Skin Reactions From Radiation
Each time radiation therapy is given, small amounts are absorbed by the skin in the area being treated. About 2 to 3 weeks after your first radiation treatment, you may notice redness and/or irritation in the area of treatment. It may look like a sunburn. The skin may be itchy, dry, red or sore. These changes are an expected part of your therapy and are temporary. Your team will look at your skin to monitor for changes. In some cases, you may need to stop radiation treatments for a short period to allow the skin to heal. If the reaction becomes severe, you may need special care to help the area heal.
All patients receiving radiation therapy should take special care to protect and care for their skin. Ways to do this are:
Be extra kind to the skin in the area being treated.
- The skin in the treatment area will be more sensitive and can be harmed more easily.
- Keep your skin clean and dry.
- Wash skin in the treatment area with lukewarm (not hot) water and a mild soap, such as Dove®, Neutrogena, or a baby soap. Avoid rubbing with a washcloth or bath scrubbies/sponges. Use the palm of your hand to gently wash the skin in the treatment area.
- Dry skin gently. Pat, don't rub, using a soft towel.
- Moisturizing the skin can be helpful to reduce itching and soften the skin, making you more comfortable. Talk with your radiation team about which moisturizer you should use.
- Do not use make up or cosmetics in the treatment area.
- Do not use skin products that contain scents or perfumes.
- Radiation often causes the hair in the field of treatment to fall out. This is often temporary, though for some it may become permanent.
- If your treatment is to your head, use a mild shampoo, such as baby shampoo, and try not to shampoo every day. In addition, do not use hot curlers or a curling/flat iron, and be gentle when combing or brushing hair.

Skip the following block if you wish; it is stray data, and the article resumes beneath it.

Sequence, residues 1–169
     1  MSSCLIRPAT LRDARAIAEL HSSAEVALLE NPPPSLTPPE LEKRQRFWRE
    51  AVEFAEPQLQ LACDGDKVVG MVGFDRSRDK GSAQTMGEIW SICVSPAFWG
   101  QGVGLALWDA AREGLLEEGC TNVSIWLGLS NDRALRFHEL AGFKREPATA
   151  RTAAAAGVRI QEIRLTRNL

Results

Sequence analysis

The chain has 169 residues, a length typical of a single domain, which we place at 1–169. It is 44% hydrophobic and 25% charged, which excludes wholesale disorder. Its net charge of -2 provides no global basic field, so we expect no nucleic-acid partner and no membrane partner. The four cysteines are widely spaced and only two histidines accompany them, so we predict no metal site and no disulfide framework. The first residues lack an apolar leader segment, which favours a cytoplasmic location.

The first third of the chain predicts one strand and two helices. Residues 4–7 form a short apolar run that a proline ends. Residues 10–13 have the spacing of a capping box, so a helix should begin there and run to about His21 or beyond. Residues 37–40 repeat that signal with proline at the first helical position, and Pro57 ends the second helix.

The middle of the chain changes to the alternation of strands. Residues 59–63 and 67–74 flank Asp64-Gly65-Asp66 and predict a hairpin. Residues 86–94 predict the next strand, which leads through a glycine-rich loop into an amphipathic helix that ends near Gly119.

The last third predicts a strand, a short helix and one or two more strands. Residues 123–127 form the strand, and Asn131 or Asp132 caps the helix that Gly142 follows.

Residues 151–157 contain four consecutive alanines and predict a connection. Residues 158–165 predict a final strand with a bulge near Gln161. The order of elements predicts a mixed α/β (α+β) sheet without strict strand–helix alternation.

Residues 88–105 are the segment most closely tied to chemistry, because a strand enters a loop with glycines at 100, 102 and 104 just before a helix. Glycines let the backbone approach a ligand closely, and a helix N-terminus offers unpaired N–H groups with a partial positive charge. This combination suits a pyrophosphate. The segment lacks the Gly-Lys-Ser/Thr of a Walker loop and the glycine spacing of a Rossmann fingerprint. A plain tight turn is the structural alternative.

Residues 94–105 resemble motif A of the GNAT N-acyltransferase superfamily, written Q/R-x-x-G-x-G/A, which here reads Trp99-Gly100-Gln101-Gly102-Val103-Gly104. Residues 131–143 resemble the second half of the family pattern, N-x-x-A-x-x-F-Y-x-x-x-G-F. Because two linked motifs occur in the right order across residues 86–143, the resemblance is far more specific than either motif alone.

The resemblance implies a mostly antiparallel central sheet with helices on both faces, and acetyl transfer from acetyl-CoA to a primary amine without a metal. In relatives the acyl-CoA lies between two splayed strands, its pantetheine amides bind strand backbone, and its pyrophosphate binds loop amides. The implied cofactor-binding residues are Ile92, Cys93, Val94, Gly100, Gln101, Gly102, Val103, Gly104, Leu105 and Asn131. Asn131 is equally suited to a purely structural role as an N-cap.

- Wear loose fitting, soft clothing over the treatment area.
- Use gentle detergents, such as Woolite®, Ivory Snow®, Dreft®, or Eucalan® to wash your clothes.
- Avoid starching the clothes you wear over the treatment area.
Avoid anything that could cause injury to the skin in the area being treated:
- Do not scratch your skin.
- Avoid using adhesive tape in the treatment area. If bandaging is necessary, use paper tape. Try to apply the tape outside of the treatment area.
- Use an electric razor if you must shave in the treatment area. Do not use a preshave lotion, aftershave or hair removal products.
- Do not use cornstarch or powders in the treatment area, especially in the area of skin folds as this can lead to fungal infections.
- Do not use heating pads, hot water bottles, or ice packs on the treatment area.
- Practice sun safety, as exposure to the sun can cause more skin damage. Your best protection is to stay in the shade and wear protective clothing, such as long sleeves, pants, and a hat when outdoors. Avoid the sun during peak hours (10am to 2pm). If you are outside in the sun, wear sunscreen with an SPF of at least 30 (including the treatment area, if your care team tells you it is ok to do so). Follow these tips in the winter months also!
- Do not smoke. Smoking has been found to worsen radiation related skin reactions.
- Talk to your treatment team before swimming, including chlorinated pools, hot tubs, and non-chlorinated water (lakes, rivers).
Check the skin in the treatment area daily. Report any cuts, open areas, or changes to your radiation oncology treatment team.
How are skin reactions treated?
Minor skin reactions caused by radiation therapy do not often need any special treatment. They should be brought to the attention of your radiation team. If, however, the skin reactions become worse or if you sustain additional damage to your skin, treatment may be needed. Your radiation oncologist may decide to stop treatments for a period of time in order to allow the skin to heal. Your radiation team will tell you how to care for any skin reactions. Do not apply anything to the area without checking with your radiation team first.
If you have any questions about skin reactions, or need additional information or direction, ask your healthcare team.
American Academy of Dermatology Association. How to Care for your Skin During and After Radiation Therapy. Found at https://www.aad.org/public/diseases/skin-cancer/types/common/melanoma/radiation-care
Baines, C. R., McGuiness, W., & O'rourke, G. A. (2017). An integrative review of skin assessment tools used to evaluate skin injury related to external beam radiation therapy. Journal of clinical nursing, 26(7-8), 1137-1144.
Yuen, F., & Arron, S. (2016). Skin Care Products Used During Radiation Therapy. In Skin Care in Radiation Oncology (pp. 31-45). Springer International Publishing.